FINNISH (Uncontracted) Finnish Flag



This page describes the internal functioning of the respective DBT translation table. If you want more information about languages, scripts, and template choices, please click here.

The initial language table for a translation is determined by the selected template, and may be changed using the Document / Translation Tables menu. Using those menus does not involve explicit use of the table designator. However, to switch to a different translation table partway through a file, one must enter a DBT code and the designator for the table to switch to. For switching secondary languages within a base language table, see the [lng~X] command. For switching from one base language to another, see the [lnb~...] command.

2014 NOTE: The Finnish Template has been modified to produce a blank line between paragraphs.

The Finnish Uncontracted tables support print-to-braille translation of Finnish-language literary text in grade 1 (uncontracted) braille only.

Automatic hyphenation of the braille (that is, automatic introduction of assisted-hyphenation codes during the translation to braille) is supported by default, though it can be turned on and off by translation codes.

BRAILLE to PRINT (also known as Back-translation)

Braille-to-print translation is supported for this language. However Braille-to-print translation may not be perfect, therefore errors could occur. If you find any errors or have suggestions, please send both the *.dxb and *.dxp files along with an explanation to: (Please be sure to include sample files).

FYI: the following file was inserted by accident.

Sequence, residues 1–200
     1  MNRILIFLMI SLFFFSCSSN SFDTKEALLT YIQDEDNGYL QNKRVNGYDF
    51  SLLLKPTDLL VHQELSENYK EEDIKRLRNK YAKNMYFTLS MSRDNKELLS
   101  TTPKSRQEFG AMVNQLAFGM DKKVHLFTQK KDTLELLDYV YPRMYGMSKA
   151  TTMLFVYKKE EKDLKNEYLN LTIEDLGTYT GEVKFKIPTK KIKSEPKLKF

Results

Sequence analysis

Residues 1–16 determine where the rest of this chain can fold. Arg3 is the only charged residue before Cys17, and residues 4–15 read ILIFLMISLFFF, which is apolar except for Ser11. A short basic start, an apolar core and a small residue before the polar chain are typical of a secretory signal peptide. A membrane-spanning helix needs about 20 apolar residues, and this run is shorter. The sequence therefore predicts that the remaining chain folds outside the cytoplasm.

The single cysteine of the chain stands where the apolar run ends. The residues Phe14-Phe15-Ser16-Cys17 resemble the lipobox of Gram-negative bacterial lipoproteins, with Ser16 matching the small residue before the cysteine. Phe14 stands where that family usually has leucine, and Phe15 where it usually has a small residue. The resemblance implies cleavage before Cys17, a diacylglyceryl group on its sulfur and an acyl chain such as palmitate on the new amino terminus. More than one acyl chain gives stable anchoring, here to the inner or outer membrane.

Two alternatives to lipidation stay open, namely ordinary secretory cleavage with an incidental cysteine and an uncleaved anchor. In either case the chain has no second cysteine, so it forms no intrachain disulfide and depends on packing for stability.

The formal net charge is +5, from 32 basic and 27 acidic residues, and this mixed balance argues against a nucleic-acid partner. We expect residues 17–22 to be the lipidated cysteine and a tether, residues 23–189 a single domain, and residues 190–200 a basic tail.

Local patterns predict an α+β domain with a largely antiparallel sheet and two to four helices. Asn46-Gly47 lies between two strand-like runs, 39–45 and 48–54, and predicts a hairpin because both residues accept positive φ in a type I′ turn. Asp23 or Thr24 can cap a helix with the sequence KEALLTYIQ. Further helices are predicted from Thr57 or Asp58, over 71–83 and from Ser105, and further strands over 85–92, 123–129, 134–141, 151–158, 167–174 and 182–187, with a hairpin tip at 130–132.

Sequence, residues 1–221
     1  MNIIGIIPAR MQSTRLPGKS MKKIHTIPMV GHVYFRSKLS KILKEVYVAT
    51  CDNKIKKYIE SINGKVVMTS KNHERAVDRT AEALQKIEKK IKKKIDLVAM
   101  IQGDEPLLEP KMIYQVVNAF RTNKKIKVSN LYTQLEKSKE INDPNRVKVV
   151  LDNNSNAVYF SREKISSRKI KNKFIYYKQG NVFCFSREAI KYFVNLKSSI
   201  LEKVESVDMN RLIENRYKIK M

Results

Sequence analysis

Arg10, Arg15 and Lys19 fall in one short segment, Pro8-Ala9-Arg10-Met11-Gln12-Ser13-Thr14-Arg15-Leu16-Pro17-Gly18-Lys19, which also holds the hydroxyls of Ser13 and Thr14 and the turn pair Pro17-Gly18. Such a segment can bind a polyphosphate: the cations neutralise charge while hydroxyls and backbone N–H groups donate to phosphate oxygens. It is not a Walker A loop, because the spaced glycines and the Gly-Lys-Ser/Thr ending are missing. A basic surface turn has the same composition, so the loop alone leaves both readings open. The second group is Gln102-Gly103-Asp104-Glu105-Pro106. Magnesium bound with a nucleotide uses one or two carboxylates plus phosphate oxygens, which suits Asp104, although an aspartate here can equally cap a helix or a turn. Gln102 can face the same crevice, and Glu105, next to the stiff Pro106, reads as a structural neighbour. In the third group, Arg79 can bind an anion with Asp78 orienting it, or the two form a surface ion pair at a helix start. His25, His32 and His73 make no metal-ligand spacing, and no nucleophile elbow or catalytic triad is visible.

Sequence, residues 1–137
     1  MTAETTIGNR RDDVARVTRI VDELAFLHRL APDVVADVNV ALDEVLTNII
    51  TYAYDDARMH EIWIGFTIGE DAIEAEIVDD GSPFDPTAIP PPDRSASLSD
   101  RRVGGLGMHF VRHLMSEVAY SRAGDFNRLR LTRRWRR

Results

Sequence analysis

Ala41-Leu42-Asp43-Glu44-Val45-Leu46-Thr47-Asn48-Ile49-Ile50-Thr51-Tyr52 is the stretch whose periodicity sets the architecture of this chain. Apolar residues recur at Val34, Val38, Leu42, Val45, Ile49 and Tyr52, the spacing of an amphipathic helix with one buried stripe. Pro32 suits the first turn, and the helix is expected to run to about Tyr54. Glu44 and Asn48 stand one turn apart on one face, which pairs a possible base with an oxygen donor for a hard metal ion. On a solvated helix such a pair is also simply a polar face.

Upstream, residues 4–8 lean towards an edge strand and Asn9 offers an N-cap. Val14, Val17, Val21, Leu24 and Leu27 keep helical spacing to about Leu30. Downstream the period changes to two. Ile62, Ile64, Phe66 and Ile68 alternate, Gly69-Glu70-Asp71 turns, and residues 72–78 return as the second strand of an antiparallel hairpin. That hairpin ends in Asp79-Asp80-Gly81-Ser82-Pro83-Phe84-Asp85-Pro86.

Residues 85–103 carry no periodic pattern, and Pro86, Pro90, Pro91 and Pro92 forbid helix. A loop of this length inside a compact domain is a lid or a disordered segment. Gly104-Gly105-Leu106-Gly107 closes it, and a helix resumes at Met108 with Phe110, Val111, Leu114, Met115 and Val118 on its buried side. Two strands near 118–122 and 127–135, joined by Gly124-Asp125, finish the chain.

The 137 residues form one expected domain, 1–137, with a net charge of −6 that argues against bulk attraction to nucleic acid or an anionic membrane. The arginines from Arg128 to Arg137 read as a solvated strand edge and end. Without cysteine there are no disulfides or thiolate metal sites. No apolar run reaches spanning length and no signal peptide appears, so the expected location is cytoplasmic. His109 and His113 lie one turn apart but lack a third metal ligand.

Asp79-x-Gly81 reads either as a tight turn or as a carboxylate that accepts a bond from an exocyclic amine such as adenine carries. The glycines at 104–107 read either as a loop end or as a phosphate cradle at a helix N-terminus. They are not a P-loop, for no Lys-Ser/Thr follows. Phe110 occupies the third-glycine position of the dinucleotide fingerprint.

There are no special requirements or limitations.


No secondary languages are supported.

Note that while no "secondary languages" are supported within the Finnish table itself, it is possible to switch to any of the available translation tables listed in DBT. (See the [lnb~...] code below.)


No technical codes are supported.

However, it is possible to switch to any of the available translation tables listed in DBT (see the [lnb~...]code below), many of which do support various technical codes, such as for mathematics or computer notation, or which support “unified” treatment of technical notation as well as literary text in the base language associated with the table.


The following DBT translation codes are available when using the Finnish table. Any other translation codes used will be ignored, or indeed may cause unexpected results. If using an alternative translation table, i.e when switching to another base language table by means of the[lnb~...] code, please refer to the relevant topic and available codes for that table.

[/] -- ignored

[ab] is equivalent to [g2]

[ahy] or [ahy1]turns on automatic hyphenation of the braille (which is initial and default condition)

[ah0]turns off automatic hyphenation of the braille.


[g1] switches to "grade 1" (uncontracted) braille (which is always in effect anyway).

[g2] is allowed but ignored with this table.

[in] is equivalent to [g1]


[lnb~...] (for switching to another base [primary] language table)

[lng...] -- ignored.



The table is designed to work with the following groups of characters:

All ASCII printable characters

Accented characters and punctuation marks typical of French, German, Italian, Latin, Spanish, Portuguese, and Finnish.

British pound sign

The above is a general guide only (see "General Notes" section at the beginning of this document).


These tables were developed by Duxbury Systems, Inc. The original September 1997 version was based upon the information given for Finnish in "World Braille Usage," a joint publication of UNESCO and the National Library Service for the Blind and Physically Handicapped, Washington, D.C. (1990). They were updated in May 2002 per later information provided by Marja-Leena Kartovaara of the Finnish Library for the Visually Impaired.

Duxbury Systems is also grateful to Mr. Reijo Juntunen of the Finnish Federation of the Visually Impaired for further clarifications and in particular for providing rules for Finnish braille hyphenation.

(Documentation reviewed: January 2014.)